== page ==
The Rise of Privacy Tech (TROPT) organization recently surveyed key players in privacy tech to bridge the gaps between tech, capital and expertise in finding technological solutions to privacy problems. The results are published in the newly release whitepaper, Defining the Privacy Tech Landscape 2021: The Rise of Privacy Tech – A Foundational Whitepaper to Help Fuel Privacy Innovation.
We were particularly interested in what B2B privacy tech buyers and consumers had to say about the privacy tech space: the privacy problems they’re trying to solve, and what they want from solutions.
This group put forward a list of areas where they need most help from privacy tech: data minimization, retention, vendor management, de-identification, accountability tools, and what’s called “shift left privacy” tools for developers. Does your organization also need support in these areas? (Go straight to our solution, Sudo Platform, or read on.)
Organizations increasingly need to adopt data minimization, which is both a privacy principle and held up in legislation (such as the GDPR) as a technique that helps organizations comply with the regulation. Data minimization means that organizations should not hold or further use data collected and processed unless it is essential for reasons that they clearly state in advance to support data privacy. The GDPR defines minimal data as data that is adequate, relevant and limited to what is necessary for the purposes for which it is processed.
Many organizations want automated data minimization tools that function at earlier stages in both the data and development lifecycles to help minimize privacy risks and to force them to only process relevant data. Another aspect of data minimization is cultural. The organization needs to be willing to make and maintain an inventory of the data they collect and process, how they use it and how long they keep it – and then be willing to challenge their status quo on every aspect of the inventory.
Data retention and disposition
End-of-life data retention and disposition can be a difficult privacy challenge to solve because holding onto data has become a default mindset for many organizations; it’s not a customer-facing function so tends to be given lower priority; it must be addressed under most data protection regulations; and shadow IT systems make retention and deletion technically difficult to solve. Shadow IT refers to IT systems that the organization doesn’t know about at the enterprise level, such as copies of data that live in other places in the organization that aren’t part of the known inventory.
Vendor and third party management
Organizations are seeking solutions in this area since regulators and the public are increasingly interested in how enterprises are sharing customer data with their vendors and other third parties.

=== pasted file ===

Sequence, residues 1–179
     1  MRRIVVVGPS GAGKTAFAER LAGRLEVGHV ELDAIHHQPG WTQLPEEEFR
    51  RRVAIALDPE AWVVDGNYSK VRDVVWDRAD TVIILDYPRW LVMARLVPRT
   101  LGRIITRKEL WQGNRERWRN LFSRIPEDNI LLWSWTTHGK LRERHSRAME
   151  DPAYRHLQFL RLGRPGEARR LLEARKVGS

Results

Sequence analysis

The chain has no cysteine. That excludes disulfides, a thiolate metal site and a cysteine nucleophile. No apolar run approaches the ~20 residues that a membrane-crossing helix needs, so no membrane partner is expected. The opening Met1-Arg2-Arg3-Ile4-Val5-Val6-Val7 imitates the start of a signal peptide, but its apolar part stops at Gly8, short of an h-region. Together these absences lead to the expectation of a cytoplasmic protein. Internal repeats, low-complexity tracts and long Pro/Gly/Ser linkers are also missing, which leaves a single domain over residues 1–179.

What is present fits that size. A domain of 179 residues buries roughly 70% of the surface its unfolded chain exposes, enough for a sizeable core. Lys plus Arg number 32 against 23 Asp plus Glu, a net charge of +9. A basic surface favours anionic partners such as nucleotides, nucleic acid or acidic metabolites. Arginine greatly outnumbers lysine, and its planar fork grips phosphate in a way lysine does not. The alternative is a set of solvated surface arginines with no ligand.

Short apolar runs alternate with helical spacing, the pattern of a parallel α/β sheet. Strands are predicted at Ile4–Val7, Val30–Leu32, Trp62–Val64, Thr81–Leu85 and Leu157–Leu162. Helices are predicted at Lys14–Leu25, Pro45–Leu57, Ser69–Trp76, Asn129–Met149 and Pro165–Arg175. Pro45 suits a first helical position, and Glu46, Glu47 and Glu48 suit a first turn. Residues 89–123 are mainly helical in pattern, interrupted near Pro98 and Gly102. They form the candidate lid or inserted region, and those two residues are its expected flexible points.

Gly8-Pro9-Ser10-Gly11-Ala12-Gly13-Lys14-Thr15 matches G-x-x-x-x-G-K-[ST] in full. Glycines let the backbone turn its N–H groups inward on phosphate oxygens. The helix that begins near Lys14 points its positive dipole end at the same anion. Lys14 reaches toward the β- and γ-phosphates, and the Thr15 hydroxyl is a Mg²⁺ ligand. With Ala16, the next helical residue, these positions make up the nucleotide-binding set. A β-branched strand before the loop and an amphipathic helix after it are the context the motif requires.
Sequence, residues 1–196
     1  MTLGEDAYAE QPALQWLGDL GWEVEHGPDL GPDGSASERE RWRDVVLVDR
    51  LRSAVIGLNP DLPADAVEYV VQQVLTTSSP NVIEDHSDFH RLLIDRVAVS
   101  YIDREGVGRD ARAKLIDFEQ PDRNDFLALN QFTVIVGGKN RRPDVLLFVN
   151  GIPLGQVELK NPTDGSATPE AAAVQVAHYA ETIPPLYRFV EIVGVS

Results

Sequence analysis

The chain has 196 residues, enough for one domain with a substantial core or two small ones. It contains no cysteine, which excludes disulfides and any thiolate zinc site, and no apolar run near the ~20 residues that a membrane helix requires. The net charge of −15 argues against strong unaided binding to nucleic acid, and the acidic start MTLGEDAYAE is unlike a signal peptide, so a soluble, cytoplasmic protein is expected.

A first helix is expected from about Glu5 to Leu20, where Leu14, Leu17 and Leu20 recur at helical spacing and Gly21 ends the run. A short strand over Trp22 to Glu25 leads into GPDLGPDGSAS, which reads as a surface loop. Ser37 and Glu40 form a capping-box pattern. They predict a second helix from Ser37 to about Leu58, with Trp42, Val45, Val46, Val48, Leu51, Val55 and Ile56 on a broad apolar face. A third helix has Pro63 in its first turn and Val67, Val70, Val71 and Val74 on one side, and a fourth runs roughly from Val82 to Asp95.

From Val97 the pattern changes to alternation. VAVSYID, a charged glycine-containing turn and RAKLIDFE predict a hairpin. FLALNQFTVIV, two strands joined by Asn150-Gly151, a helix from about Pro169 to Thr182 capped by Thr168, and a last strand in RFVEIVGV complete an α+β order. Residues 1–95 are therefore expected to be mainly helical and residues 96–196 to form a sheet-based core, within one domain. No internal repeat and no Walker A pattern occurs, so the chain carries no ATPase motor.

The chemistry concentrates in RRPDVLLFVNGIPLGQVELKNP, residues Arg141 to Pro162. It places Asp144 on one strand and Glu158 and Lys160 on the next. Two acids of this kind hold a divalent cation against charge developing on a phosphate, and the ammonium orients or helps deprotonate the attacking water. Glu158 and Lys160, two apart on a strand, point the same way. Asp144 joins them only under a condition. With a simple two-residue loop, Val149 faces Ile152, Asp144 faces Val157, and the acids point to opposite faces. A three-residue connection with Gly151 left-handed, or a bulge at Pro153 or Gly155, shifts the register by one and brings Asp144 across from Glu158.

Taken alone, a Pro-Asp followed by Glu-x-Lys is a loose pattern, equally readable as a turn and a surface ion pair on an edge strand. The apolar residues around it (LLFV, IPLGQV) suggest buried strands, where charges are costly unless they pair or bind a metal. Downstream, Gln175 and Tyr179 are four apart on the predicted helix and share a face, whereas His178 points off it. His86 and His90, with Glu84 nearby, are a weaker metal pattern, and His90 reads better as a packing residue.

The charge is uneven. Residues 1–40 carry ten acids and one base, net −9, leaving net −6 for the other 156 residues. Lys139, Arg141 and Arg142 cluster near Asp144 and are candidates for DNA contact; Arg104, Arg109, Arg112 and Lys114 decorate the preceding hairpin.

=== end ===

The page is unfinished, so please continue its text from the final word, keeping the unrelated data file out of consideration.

DevPrivOps (or Shift Left privacy tools for developers)
Pleasingly, there’s a trend towards organizations wanting to solve privacy problems earlier on in the data lifecycle. TROPT calls this the “shift left privacy” trend and it’s extending to even before the start of the data lifecycle (before an organization begins to collect customer data) to the privacy product development stage.
TROPT found privacy tech buyers and consumers want to see how code and algorithms affect privacy and are hunting for code governance tools for their developers. The new goal here is to stop the privacy problems before they’re created.
How Sudo Platform solves these privacy concerns
Sudo Platform, our business toolkit of privacy enhancing technologies, is founded on Privacy by Design. We apply its 7 principles to designing, building and operating our products so our brand partners can move easily to a more data minimal culture. (Read How We Apply the 7 Principles of Privacy by Design.)
We designed Sudo Platform with data minimization and data retention and disposition in mind from the outset. Our consumer facing capabilities (platform, SDKs for safe browsing, VPN, password manager, etc.) preempt the potential issues privacy tech buyers and consumers described to TROPT. But not only do we provide these consumer privacy solutions, we’ve got the expertise to build them in a way that adheres to privacy principles from inception.
For vendor and third party management, the challenge for organizations is really about knowing where they put their data. We have business processes in place to take heavy scrutiny of our suppliers. And while Sudo Platform is not a general purpose DevPrivOps tool, for the specific privacy and cybersafety features we offer in Sudo Platform, by choosing our products and the benefits of our deep engineering, privacy and security experience, our brand partners are taking a shift left approach.
Finally, the TROPT whitepaper reveals that privacy tech buyers and consumers look for certain features when buying privacy tech tools: product effectiveness, automation, efficiency, budget, scalability, vendor trust, and ROI.
Sudo Platform is not a ubiquitous or general purpose data management toolkit, but we provide significant benefits. For our brand partners, using the existing capabilities in Sudo Platform delivers a time-to-market and ROI advantage over building the same capabilities themselves. They also gain from the efficiency of integrating with Sudo Platform once to pick up multiple services, rather than going to multiple vendors and going through a vendor evaluation, selection and integration time-after-time. The more Platform products our brand partners license, the greater the efficiency benefit.
We’re saying to the priv tech consumer market, Sudo Platform is a great choice from a budget, efficiency and ROI perspective. Learn more about it here.
Photo By Song_about_summer